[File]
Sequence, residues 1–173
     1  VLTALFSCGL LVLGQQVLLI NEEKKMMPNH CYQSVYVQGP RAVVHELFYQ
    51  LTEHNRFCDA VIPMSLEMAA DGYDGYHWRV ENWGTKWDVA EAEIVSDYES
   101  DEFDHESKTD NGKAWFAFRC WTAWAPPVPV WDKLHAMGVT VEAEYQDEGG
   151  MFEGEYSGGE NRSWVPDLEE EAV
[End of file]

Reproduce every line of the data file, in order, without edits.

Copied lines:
Sequence, residues 1–173
     1  VLTALFSCGL LVLGQQVLLI NEEKKMMPNH CYQSVYVQGP RAVVHELFYQ
    51  LTEHNRFCDA VIPMSLEMAA DGYDGYHWRV ENWGTKWDVA EAEIVSDYES
   101  DEFDHESKTD NGKAWFAFRC WTAWAPPVPV WDKLHAMGVT VEAEYQDEGG
   151  MFEGEYSGGE NRSWVPDLEE EAV